7 Declarations [dcl.dcl]

7.1 Specifiers [dcl.spec]

7.1.1 Storage class specifiers [dcl.stc]

The storage class specifiers are


At most one storage-class-specifier shall appear in a given decl-specifier-seq, except that thread_local may appear with static or extern. If thread_local appears in any declaration of a variable it shall be present in all declarations of that entity. If a storage-class-specifier appears in a decl-specifier-seq, there can be no typedef specifier in the same decl-specifier-seq and the init-declarator-list of the declaration shall not be empty (except for an anonymous union declared in a named namespace or in the global namespace, which shall be declared static ([class.union])). The storage-class-specifier applies to the name declared by each init-declarator in the list and not to any names declared by other specifiers. A storage-class-specifier shall not be specified in an explicit specialization ([temp.expl.spec]) or an explicit instantiation ([temp.explicit]) directive.

The register specifier shall be applied only to names of variables declared in a block ([stmt.block]) or to function parameters ([dcl.fct.def]). It specifies that the named variable has automatic storage duration ([basic.stc.auto]). A variable declared without a storage-class-specifier at block scope or declared as a function parameter has automatic storage duration by default.

A register specifier is a hint to the implementation that the variable so declared will be heavily used. [ Note: The hint can be ignored and in most implementations it will be ignored if the address of the variable is taken. This use is deprecated (see [depr.register]).  — end note ]

The thread_local specifier indicates that the named entity has thread storage duration ([basic.stc.thread]). It shall be applied only to the names of variables of namespace or block scope and to the names of static data members. When thread_local is applied to a variable of block scope the storage-class-specifier static is implied if no other storage-class-specifier appears in the decl-specifier-seq.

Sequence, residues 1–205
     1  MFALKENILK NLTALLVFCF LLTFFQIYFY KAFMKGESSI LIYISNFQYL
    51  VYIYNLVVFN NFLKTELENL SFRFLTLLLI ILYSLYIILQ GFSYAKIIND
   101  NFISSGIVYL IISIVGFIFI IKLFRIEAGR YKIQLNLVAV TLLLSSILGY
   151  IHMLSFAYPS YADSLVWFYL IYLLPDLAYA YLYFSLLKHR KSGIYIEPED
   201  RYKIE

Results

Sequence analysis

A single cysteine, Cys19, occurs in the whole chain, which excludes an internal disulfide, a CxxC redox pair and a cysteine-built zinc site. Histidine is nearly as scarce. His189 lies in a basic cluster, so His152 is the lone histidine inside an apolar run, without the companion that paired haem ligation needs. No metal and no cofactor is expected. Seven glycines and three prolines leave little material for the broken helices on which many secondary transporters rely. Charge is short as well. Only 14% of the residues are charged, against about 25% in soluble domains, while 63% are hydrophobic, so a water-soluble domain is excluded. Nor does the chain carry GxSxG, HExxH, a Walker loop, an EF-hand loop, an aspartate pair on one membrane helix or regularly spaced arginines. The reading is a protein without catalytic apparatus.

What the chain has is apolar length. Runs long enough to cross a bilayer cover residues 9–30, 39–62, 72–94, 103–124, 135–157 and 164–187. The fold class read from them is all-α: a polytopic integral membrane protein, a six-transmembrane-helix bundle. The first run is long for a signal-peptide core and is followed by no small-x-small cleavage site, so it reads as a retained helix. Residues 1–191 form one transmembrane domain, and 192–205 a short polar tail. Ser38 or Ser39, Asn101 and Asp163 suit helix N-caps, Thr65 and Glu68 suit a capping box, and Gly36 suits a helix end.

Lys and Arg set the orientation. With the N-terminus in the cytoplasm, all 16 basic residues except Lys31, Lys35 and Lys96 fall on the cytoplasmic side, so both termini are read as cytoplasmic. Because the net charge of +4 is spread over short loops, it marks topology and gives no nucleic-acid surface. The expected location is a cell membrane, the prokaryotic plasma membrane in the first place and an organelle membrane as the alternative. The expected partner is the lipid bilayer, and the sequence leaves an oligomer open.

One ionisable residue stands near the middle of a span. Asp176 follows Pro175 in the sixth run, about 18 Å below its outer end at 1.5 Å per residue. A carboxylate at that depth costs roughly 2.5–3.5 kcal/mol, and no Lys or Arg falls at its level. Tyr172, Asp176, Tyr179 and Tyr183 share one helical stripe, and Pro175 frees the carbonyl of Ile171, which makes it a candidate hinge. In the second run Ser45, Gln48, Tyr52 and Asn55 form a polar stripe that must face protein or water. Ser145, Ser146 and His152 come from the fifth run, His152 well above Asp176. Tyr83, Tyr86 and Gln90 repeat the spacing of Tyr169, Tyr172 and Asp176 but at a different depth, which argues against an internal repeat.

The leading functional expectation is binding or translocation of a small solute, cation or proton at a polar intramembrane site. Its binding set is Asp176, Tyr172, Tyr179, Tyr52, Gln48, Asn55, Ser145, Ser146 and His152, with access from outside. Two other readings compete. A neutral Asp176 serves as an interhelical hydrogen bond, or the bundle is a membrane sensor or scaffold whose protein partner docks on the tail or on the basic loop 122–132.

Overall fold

The static specifier can be applied only to names of variables and functions and to anonymous unions ([class.union]). There can be no static function declarations within a block, nor any static function parameters. A static specifier used in the declaration of a variable declares the variable to have static storage duration ([basic.stc.static]), unless accompanied by the thread_local specifier, which declares the variable to have thread storage duration ([basic.stc.thread]). A static specifier can be used in declarations of class members; [class.static] describes its effect. For the linkage of a name declared with a static specifier, see [basic.link].

The extern specifier can be applied only to the names of variables and functions. The extern specifier cannot be used in the declaration of class members or function parameters. For the linkage of a name declared with an extern specifier, see [basic.link]. [ Note: The extern keyword can also be used in explicit-instantiations and linkage-specifications, but it is not a storage-class-specifier in such contexts.  — end note ]

The linkages implied by successive declarations for a given entity shall agree. That is, within a given scope, each declaration declaring the same variable name or the same overloading of a function name shall imply the same linkage. Each function in a given set of overloaded functions can have a different linkage, however. [ Example:

static char* f();               // f() has internal linkage
char* f()                       // f() still has internal linkage
  { /* ... */ }

char* g();                      // g() has external linkage
static char* g()                // error: inconsistent linkage
  { /* ... */ }

void h();
inline void h();                // external linkage

inline void l();
void l();                       // external linkage

inline void m();
extern void m();                // external linkage

static void n();
inline void n();                // internal linkage

static int a;                   // a has internal linkage
int a;                          // error: two definitions

static int b;                   // b has internal linkage
extern int b;                   // b still has internal linkage

int c;                          // c has external linkage
static int c;                   // error: inconsistent linkage

extern int d;                   // d has external linkage
static int d;                   // error: inconsistent linkage

 — end example ]

The name of a declared but undefined class can be used in an extern declaration. Such a declaration can only be used in ways that do not require a complete class type. [ Example:

struct S;
extern S a;
extern S f();
extern void g(S);

void h() {
  g(a);                         // error: S is incomplete
  f();                          // error: S is incomplete

 — end example ]

The mutable specifier can be applied only to names of class data members ([class.mem]) and cannot be applied to names declared const or static, and cannot be applied to reference members. [ Example:

class X {
  mutable const int* p;         // OK
  mutable int* const q;         // ill-formed

 — end example ]

The mutable specifier on a class data member nullifies a const specifier applied to the containing class object and permits modification of the mutable class member even though the rest of the object is const ([dcl.type.cv]).